Over the summer scientists and health experts warned that the governments of Europe must build up coronavirus testing and tracing capacity, put in place strict quarantine and isolation measures, ready hospitals for Covid-19 patients, protect the elderly and vulnerable, and, especially, get people to wear masks. Taking these steps, said Anthony Costello, professor of global health at University College London, avoids “the bluntest weapon to control the epidemic”: the lockdown.
Yet, with few exceptions, leaders did not adequately prepare. Instead, there was complacency and denial. When social distancing measures slowed coronavirus spread over the summer, politicians lifted restrictions quickly in an effort to restart economies. They then failed to heed the warnings of scientists and doctors again — that small upticks in infections in August would eventually culminate in an exponential growth in cases, followed by increases in hospitalizations and deaths. This pattern also developed in the United States. click full article
This evening, French President Emmanuel Macron has announced a second national lockdown for at least 4 weeks until the end of November. France must now “brutally apply the brakes” to avoid being “submerged by the acceleration of the epidemic”. “The virus is circulating at a speed that not even the most pessimistic forecasts had anticipated,” he said, adding that half of all intensive care beds at French hospitals were being occupied by Covid patients. click full article
Mr Macron said that under the new measures, starting on Friday, people would only be allowed to leave home for essential work or medical reasons. Non-essential businesses, such as restaurants and bars, will close, but schools and factories will remain open.
Meanwhile, Germany will also impose an emergency month-long partial lockdown that includes the closure of restaurants, gyms and theatres, Chancellor Angela Merkel said earlier today.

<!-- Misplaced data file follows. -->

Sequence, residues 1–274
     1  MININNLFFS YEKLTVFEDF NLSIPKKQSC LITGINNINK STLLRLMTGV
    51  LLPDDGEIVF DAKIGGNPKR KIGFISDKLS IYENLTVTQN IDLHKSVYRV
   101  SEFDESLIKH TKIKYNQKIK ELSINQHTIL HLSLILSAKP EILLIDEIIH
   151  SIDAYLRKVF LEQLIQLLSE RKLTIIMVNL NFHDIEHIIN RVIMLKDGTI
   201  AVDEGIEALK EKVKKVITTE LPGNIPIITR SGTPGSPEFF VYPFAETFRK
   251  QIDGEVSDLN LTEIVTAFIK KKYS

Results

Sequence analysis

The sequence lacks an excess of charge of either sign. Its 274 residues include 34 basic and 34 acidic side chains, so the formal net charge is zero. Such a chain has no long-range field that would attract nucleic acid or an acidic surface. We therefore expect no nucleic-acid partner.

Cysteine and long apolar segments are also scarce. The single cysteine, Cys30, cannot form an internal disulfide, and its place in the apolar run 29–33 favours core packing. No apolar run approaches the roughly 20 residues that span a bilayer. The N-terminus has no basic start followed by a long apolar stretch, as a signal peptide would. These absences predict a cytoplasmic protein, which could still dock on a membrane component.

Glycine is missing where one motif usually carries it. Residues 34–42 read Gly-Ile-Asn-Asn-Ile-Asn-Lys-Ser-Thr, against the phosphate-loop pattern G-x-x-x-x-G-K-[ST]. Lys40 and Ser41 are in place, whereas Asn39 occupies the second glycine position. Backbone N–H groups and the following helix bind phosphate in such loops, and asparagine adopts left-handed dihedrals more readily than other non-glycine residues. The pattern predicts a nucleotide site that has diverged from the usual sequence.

Let’s take a brief look at new measures in some of Europe’s coronavirus hot spots, sorted here by countries with the highest incidence in new cases over the past two weeks. They range from mask mandates and curfews to lockdowns:
- The Czech Republic, currently the country with the fastest-growing infection rate in Europe, went from around 100 new cases per day in mid-July to a high of 15,000 in mid-October. To stave off the collapse of the health system, the government imposed a new lockdown that will last until at least November 3.
- In Belgium, the second-hardest-hit country in Europe after the Czech Republic, the government had to cancel all non-urgent surgeries. Meanwhile, all bars and restaurants are closed for four weeks, there’s a curfew from midnight to 5 am, and no alcohol sales are allowed after 8 pm. People are also asked to wear masks in crowded spaces.
- The Netherlands has been in partial lockdown since October 14: Masks are required in public places, people are being asked to stay home as much as possible, public gatherings of more than four people are prohibited, sales of alcohol in the evening are banned, and bars, restaurants, and cafes are only allowed to serve takeout.
- Spain, one of the first countries in Europe to see a dramatic second wave, is under a national curfew, following a state of emergency in cities across the country.
- Ireland is back in lockdown as of October 21: nonessential businesses are closed and people are asked to once again stay home. The main exceptions: essential work and outdoor exercise within 3 miles of home.
The second wave is placing an ever greater toll on UK hospitals. There are more than 1,000 Covid admissions a day – 10 times the rate at the end of summer.
Hospitals have started cancelling routine treatments, as happened during the first peak, with hospitals in Leeds this week following others in announcing some treatments will have to stop.
Prophetically, Professor Devi Sridhar from the University of Edinburgh told Vox in September, “If you see hospitals filling up and ICU beds full, Governments will have no choice but to implement some kind of lockdown unless they want their health systems to collapse. … You can’t have people dying in hospital doorways because they can’t get access to oxygen.”
This raises the spectre of rationing access to healthcare for the elderly if lockdown measures fail to contain the virus over the winter period, which has only just started.